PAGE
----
My 91-year-old mom who lives in Japan walks to a grocery store every day. In Japan, where “space” is very scarce, naturally, our refrigerator is rather small. Consequently she pretty much has to buy food for the day (refrigerator is for left-overs!!). So at 91, she walks about a mile and a half every day. She used to bike but, as you know, the slower you go on a bike, the less stable you’ll become and, about 4 years ago, she fell and broke her arm. So now she walks. My brother who still lives in Japan is worried about her. But I would be more worried if she stops walking. On the other hand, my brother’s wife’s mom is the other side of the coin. She had a knee replacement surgery about 3 years ago and, because it hurts, she more or less stays in bed. Now she doesn’t have appetite so she won’t eat much. Now she doesn’t have energy to do much at all…. It seems she had deteriorated quite a bit within a few years. “Legs feed wolves…”

Bill Bowerman, left, and Arthur Lydiard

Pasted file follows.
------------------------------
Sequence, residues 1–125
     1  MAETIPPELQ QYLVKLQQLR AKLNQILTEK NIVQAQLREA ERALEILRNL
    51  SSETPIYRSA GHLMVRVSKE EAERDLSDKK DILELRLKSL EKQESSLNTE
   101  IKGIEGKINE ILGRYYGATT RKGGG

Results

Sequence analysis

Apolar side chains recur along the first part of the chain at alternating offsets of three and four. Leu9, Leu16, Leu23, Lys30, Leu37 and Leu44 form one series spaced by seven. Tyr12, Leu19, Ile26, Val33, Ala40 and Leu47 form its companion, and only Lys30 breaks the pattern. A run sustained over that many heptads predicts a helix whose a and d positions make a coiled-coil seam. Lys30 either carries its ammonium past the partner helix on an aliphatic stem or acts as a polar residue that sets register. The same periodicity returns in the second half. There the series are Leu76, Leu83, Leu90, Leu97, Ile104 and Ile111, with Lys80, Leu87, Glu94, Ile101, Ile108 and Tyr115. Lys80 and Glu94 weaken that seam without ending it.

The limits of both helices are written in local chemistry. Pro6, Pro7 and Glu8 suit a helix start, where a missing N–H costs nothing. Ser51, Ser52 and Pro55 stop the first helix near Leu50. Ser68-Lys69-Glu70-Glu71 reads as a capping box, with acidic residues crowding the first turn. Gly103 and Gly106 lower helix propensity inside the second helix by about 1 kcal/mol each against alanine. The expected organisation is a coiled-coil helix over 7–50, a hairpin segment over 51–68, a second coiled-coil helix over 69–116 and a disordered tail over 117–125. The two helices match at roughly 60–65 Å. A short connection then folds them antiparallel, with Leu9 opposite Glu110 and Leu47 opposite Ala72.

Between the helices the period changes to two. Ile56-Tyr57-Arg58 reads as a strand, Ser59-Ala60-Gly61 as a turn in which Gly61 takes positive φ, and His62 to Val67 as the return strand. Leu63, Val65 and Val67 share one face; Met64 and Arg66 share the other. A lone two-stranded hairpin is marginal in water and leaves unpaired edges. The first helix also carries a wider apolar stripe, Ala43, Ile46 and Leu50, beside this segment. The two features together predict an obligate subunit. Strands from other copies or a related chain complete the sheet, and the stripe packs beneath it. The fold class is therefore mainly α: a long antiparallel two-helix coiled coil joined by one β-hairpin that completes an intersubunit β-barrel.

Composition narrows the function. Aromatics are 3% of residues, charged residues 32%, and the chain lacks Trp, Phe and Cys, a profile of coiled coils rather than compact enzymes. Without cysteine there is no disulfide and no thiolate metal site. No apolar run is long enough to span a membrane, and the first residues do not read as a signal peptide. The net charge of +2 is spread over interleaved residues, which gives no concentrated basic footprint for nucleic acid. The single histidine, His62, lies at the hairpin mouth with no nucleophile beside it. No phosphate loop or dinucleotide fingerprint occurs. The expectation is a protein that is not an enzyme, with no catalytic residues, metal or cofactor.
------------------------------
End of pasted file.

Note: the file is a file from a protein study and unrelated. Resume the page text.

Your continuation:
As Arthur Lydiard — and Bill Bowerman — was, I am also very interested in starting up running program for anybody. This is called “The First Step” — something I put together back in 2006 for MDRA’s “Beginning Women’s Running Class” at Maple Grove. This is a program to get you from ZERO to 20-minutes of CONTINUOUS running. Anybody who is inspired to lace up running shoes to get out for the first run, I highly recommend to check out this “Jogging — the Lydiard Way” that Lydiard put together in 1970. He liked to talk about this “vigor” — the feel-good effect you gain from physically fitter. Many people misunderstand Lydiard to be a hard-nose coach who expect you to run 100-miles-a-week. Quite contrary, he always said: “We all know our own limitations. If you keep within your limitations, you’ll keep improving…”. The true concept of Lydiard is: “TRAIN, DON’T STRAIN!” Simply put, you do what you can today. If you can run, run. If you can’t, run-walk. If not, just walk. And you keep at it, you’ll improve. You may run a mile today. It’ll become 2-miles next week…or next month. I’ve written a blog on a “Come-back Story” a few months ago (“The Sun Will Shine Again…”)…if you don’t use it, you’ll deteriorate. If you keep within yourself and keep at it, you WILL improve. Even with pandemic, we can be safe and still get out and exercise.